Situation Analysis
Inflation risk can compound all other risks if it’s not confronted in your planning. Learn what it is and how you can plan to control it within your portfolio.

You Know About “Sequence of Returns Risk,” but What about “Sequence of Inflation Risk”?

You Know About “Sequence of Returns Risk,” but What about “Sequence of Inflation Risk”?

Much has been written on the very real “sequence of returns” risk facing retirees relying upon their own capital to generate a lifetime income. Retirees who have the misfortune of beginning their income withdrawals during a period of negative market returns have a steep uphill climb just to keep from depleting their assets too soon. While no one can predict the sequence of returns on their portfolio, there are ways to mitigate the risk through strategic planning and timing withdrawals.

But what about the lesser known “sequence of inflation risk?”

Could starting income withdrawals during a period of high inflation have as big of an impact as starting it during a down market? And are there measures that can be taken to mitigate the risk?

What Exactly is Sequence of Inflation Risk?

As with sequence of returns risk, sequence of inflation risk has to do with the order in which bouts of high inflation occur over a period of time. A retirement income portfolio that experiences negative returns in the early stages of withdrawals risks a faster depletion rate to make up the income shortfall in any given year. Sequence of inflation risk could have the same outcome, faster depletion of assets due to the need to draw down more income to cover increasing costs. For new retirees caught at the wrong end of a sequence of returns, starting withdrawals during rising inflation would compound a severe problem.

How does Sequence of Inflation Risk Impact my Retirement Portfolio?

Let’s take an example of a new retiree with $50,000 in expenses. He draws $30,000 from Social Security with an inflation-adjusted COLA. So, he must be able to draw $20,000 from his investment portfolio to make up the shortfall. Assuming he has $500,000 invested, he will need to draw down 4 percent each year.

Using an extreme example, let’s say inflation shoots up to 20 percent as he begins to draw down. His expenses are now $60,000. He’ll get an inflation adjustment on his Social Security to bring it up to $24,000. His income shortfall is now $26,000, which means he will have to increase his withdrawal rate to about 6.5 percent.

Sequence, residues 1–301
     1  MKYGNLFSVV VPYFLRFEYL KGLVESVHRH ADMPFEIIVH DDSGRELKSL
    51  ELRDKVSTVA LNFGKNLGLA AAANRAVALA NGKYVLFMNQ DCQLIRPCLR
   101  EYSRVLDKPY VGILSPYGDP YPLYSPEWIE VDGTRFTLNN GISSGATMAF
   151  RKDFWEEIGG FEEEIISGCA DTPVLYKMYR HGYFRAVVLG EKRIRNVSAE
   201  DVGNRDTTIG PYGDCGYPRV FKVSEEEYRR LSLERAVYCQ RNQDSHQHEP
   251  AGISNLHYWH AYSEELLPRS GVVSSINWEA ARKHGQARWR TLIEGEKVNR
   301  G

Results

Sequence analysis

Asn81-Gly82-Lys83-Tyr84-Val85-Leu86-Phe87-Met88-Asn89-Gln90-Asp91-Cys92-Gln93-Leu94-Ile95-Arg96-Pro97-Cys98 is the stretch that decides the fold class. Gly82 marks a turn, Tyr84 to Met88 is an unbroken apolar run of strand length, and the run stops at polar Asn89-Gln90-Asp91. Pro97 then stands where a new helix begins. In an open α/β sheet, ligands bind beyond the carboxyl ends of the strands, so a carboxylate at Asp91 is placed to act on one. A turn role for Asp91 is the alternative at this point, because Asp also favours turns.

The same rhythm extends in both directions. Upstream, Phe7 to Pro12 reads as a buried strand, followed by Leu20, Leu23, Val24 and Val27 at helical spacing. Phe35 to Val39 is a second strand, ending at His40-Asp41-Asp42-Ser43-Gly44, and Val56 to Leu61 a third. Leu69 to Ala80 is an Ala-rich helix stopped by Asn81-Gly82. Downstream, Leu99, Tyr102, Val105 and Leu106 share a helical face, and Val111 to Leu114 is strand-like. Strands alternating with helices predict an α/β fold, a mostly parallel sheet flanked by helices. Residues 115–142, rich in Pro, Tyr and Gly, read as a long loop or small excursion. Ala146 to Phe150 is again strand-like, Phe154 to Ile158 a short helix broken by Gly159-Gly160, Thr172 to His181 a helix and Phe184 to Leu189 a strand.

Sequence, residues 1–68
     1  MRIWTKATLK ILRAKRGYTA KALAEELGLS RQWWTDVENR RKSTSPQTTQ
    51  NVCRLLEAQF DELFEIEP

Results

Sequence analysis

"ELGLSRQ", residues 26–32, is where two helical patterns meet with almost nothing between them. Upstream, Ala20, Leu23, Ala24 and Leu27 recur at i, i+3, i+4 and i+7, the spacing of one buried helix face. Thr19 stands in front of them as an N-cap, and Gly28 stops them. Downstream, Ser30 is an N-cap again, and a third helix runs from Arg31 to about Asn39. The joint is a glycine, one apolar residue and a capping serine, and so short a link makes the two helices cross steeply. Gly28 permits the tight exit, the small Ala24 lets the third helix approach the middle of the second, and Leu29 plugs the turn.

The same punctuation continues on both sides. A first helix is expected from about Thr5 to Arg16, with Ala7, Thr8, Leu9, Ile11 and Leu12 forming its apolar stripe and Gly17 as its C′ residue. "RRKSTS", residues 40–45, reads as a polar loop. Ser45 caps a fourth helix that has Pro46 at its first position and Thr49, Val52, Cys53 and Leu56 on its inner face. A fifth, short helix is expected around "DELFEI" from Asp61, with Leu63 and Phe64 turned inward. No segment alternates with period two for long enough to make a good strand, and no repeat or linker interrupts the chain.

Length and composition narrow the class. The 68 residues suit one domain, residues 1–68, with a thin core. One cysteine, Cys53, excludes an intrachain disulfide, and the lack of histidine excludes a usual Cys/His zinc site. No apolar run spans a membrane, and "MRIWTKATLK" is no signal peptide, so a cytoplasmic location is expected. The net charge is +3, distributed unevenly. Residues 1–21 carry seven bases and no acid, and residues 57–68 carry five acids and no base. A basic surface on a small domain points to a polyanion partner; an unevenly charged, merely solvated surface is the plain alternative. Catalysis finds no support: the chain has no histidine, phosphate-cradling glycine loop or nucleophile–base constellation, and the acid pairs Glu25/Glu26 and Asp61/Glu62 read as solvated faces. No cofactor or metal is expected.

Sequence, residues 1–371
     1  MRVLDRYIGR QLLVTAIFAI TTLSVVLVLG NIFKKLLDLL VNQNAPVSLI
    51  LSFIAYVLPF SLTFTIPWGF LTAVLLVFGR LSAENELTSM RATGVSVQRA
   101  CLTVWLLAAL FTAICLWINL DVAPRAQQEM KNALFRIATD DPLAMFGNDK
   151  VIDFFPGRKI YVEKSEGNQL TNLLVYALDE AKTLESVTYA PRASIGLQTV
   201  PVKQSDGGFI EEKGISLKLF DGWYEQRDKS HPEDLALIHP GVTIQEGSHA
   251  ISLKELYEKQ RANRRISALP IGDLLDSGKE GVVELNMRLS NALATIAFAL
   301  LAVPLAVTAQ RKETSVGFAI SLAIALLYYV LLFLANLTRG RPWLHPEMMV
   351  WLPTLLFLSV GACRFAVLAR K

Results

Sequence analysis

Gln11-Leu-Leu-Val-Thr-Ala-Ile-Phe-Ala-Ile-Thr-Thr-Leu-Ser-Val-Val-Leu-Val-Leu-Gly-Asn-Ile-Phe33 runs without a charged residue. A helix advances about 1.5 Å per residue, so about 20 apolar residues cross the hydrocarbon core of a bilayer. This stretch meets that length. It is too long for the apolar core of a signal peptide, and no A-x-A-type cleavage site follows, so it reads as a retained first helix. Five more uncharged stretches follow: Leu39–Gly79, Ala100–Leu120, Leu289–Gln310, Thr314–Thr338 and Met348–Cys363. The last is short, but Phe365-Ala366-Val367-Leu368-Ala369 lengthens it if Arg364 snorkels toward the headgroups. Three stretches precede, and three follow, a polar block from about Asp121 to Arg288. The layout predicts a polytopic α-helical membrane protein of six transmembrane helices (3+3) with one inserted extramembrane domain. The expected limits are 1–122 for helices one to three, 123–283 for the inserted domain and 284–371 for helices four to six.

Here’s the real problem with beginning retirement during a rising inflationary period. Generally, once inflation hits, especially if it continues to rise, there’s no going back. In other words, unless we experience an extended period of deflation, once prices rise, they rarely fall back to their pre-inflationary levels. So, inflation at the beginning of retirement will continue to plague retirees throughout their lifetime.

This raises the question of whether there is an actual “sequence” of inflation risk or, rather, whether the real threat is simply the existence of inflation. Inflation at any time is a challenge for retirees. Of course, the later it occurs in retirement, the better. If an inflation spike didn’t occur until the last few years of retirement, it would have little, if any, negative impact.

The other fundamental difference between sequence of returns risk and inflation risk is that, at retirement, a person has minimal control over the sequence of returns, except to adjust his portfolio and take on more risk, which isn’t advisable. Inflation is almost a certainty. We can expect it and plan for it by adding inflation hedges to our portfolio. We can also adjust for it by reducing expenses, taking fewer vacations, getting part-time work, or downsizing in all areas (house, car, etc.). While it is perhaps a more controllable problem, it is still a problem, nevertheless. Whatever you want to call it, inflation risk can compound all other risks if it’s not confronted in your planning.

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